Wednesday, April 15, 2009

Easter 2009 Message

The Connection Between The Resurrection of Christ & The Great Commission

If I were to ask you if you take the resurrection of Jesus Christ seriously—I am sure that most of you would immediately reply—“absolutely”. But then if I were to ask you how you take it seriously or how it impacts your life everyday to know and believe that Jesus Christ rose from the dead—I may not get as quick a reply. Oh eventually, I would probably hear someone say—“well, knowing Christ rose from the dead assures me that my sins have really been paid for and that God the Father really has forgiven me.” And someone else might say—“well, knowing Christ rose from the dead gives me the assurance that I too will be raised from the dead.” And undoubtedly there would be someone who would pipe up and say—“Knowing Jesus rose from the dead assures me that He really was and is Who He said He was—the very Son of God.” And finally and hopefully, one of you would say, that the resurrection of Christ is the basis of our new life in Christ according to such passages as Romans 6:4 and Colossians 3:1-3.

But, even though all of these are great answers—and while they all impact our lives for the good—they do not necessarily prove that we take the resurrection seriously. You see, if we take the resurrection of Jesus Christ seriously, it will do more than give us an assurance of spiritual truth—it will drive us to pursue the ramifications of those spiritual truths. And today, I want us to consider one of the great, predominate, and really essential and necessary ramifications or demands required of those who believe in the resurrection of Jesus Christ from the dead and thus, truly do take it seriously. And that great, predominate, essential, and necessary ramification and demand that is placed upon everyone who takes the resurrection seriously is to also take the Great Commission of Christ seriously.

That’s right. A believer in the Lord Jesus Christ cannot take the resurrection seriously without also taking the Great Commission seriously! Now why do I say that? Because that is what we see in Scripture. Recently, in reading all of the Gospels, I saw that in three of them—Matthew, Mark, and Luke—the resurrection of Christ is coupled with the Great Commission. Let’s look and I’ll show you.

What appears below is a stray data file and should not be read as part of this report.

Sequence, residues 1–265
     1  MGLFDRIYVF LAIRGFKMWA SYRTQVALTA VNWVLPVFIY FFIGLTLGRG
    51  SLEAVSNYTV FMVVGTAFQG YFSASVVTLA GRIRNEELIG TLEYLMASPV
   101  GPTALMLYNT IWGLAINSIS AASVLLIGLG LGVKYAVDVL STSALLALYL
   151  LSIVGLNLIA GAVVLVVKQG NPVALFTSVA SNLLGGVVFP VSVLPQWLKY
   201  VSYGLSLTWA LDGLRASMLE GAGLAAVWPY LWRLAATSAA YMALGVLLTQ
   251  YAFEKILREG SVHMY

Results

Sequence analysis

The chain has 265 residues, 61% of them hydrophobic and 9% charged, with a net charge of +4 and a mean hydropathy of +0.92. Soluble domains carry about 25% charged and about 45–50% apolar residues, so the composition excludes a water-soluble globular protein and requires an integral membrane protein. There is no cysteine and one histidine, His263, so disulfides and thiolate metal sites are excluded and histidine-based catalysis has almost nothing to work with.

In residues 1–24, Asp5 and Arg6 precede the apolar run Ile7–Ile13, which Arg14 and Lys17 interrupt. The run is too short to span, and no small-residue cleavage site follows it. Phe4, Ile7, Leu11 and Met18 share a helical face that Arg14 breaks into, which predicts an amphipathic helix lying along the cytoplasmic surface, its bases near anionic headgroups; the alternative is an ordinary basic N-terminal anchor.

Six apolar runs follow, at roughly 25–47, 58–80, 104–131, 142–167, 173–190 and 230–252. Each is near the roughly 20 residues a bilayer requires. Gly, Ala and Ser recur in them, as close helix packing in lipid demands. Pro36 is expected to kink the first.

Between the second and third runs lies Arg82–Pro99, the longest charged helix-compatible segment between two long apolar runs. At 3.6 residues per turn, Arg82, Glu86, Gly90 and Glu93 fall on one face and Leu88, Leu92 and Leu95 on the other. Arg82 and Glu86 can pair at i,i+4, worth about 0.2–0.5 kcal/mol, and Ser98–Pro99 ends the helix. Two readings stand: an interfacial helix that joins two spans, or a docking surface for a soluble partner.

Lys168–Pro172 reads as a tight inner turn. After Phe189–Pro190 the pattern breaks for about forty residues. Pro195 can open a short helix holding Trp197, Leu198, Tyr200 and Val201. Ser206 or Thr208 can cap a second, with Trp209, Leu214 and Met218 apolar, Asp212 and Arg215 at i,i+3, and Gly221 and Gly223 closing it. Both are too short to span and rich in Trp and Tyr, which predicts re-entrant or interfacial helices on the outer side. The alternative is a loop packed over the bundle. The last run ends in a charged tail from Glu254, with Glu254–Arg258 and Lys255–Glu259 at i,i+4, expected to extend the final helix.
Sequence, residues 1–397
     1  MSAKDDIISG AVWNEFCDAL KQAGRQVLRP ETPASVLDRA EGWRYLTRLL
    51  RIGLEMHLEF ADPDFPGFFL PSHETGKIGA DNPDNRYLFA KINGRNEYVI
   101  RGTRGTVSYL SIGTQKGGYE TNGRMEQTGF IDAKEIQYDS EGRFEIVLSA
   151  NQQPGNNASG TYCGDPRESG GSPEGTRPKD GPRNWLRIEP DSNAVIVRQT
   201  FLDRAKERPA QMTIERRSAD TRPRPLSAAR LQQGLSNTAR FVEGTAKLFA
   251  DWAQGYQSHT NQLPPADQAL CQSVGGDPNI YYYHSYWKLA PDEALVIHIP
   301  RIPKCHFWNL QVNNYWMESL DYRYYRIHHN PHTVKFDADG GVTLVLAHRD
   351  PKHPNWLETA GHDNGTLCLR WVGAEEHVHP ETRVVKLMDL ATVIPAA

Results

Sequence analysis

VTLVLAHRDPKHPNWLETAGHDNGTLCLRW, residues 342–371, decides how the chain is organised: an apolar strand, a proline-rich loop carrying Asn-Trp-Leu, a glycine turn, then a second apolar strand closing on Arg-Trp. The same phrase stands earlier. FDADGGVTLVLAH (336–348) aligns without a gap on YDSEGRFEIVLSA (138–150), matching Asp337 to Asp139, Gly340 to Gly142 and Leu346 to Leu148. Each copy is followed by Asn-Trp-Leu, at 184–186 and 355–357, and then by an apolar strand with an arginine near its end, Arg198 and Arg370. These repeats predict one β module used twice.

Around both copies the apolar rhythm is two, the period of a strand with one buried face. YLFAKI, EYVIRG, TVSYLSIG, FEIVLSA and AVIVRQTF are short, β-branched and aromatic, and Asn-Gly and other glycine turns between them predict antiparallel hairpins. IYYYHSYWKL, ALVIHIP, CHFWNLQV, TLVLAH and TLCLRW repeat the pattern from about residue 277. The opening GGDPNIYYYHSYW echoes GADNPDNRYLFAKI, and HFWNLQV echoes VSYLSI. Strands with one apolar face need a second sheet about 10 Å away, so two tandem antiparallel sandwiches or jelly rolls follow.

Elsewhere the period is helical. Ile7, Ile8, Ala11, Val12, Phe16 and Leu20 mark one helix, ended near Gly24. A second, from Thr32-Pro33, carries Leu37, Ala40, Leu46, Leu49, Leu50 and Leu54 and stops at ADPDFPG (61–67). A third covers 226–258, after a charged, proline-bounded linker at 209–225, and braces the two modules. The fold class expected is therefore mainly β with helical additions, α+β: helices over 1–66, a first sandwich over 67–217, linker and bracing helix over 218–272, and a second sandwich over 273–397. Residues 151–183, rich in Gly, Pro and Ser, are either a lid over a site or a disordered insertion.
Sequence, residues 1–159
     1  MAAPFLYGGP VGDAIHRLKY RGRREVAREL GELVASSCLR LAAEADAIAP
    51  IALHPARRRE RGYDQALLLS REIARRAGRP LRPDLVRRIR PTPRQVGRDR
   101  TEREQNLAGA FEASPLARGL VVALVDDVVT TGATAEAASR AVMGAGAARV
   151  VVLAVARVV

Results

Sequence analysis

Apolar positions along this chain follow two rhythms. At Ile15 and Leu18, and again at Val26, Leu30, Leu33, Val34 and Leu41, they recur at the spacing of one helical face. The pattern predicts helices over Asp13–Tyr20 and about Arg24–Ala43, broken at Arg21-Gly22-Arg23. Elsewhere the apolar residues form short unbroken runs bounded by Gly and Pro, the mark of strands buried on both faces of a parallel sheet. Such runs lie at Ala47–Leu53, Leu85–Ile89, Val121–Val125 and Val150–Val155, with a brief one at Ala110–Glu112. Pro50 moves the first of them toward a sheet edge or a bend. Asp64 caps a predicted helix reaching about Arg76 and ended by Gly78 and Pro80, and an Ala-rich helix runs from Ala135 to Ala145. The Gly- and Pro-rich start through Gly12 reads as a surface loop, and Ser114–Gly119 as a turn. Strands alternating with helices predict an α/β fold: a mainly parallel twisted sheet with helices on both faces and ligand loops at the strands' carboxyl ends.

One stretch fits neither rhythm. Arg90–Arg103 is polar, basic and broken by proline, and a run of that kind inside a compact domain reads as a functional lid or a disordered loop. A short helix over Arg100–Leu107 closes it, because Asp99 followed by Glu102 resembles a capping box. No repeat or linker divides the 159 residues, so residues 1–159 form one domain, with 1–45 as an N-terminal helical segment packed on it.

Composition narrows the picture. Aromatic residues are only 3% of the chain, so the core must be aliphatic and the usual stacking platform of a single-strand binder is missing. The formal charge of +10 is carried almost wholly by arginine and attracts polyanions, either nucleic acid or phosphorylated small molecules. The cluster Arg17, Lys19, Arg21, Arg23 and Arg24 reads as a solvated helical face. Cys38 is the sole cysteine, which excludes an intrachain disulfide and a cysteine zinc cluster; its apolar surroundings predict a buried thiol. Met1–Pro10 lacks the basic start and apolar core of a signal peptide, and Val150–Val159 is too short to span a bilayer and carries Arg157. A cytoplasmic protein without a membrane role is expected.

Matthew 28:16-20

Mark 16:14-15

Luke 24:44-47

And then in the Apostle Paul’s teaching on the resurrection, he made the direct application that if those who believe that Jesus did indeed rise from the dead have not shared that with others—they should be ashamed—because obviously they have not taken it seriously. Look at 1 Corinthians 15:32-34. All of this points to the truth that you and I cannot take the resurrection of Jesus Christ seriously and not take the Great Commission just as serious and be seriously biblical.

Now, just in case we are not sure about what the Great Commission is—I want you to go with me to first to Genesis 1:28. This is known as the Creation Mandate, which was essentially given to the whole human race, even though only Adam and Eve existed at the time it was given. Notice that the main gist of this Creation Mandate was that man was to reproduce, multiply, and fill the earth with people who would serve God by taking dominion over the earth. And of course, this mandate, given before the Fall had as its primary goal the filling of the whole earth with people who would know and glorify and worship God and thus God’s Name and glory would be known throughout the Earth. But because of the Fall, whereas man has multiplied and filled the earth—he has not filled it with worshippers of God but rather haters of God.

Now take a look again at Matthew 28:18-20, where the Great Commission is recorded for us. See if you don’t see its similarity with the Creation Mandate. Whereas, the Creation Mandate could not be completely and perfectly fulfilled due to the Fall of man—in the Great Commission it is fulfilled—in the sense that as believers make disciples of all the nations [read: people groups], baptizing them and teaching them to obey all of Christ’s commands—they are in effect reproducing, multiplying, and filling the earth with people who know God, love God, worship God, and glorify God so that His Name and His glory does indeed fill the earth.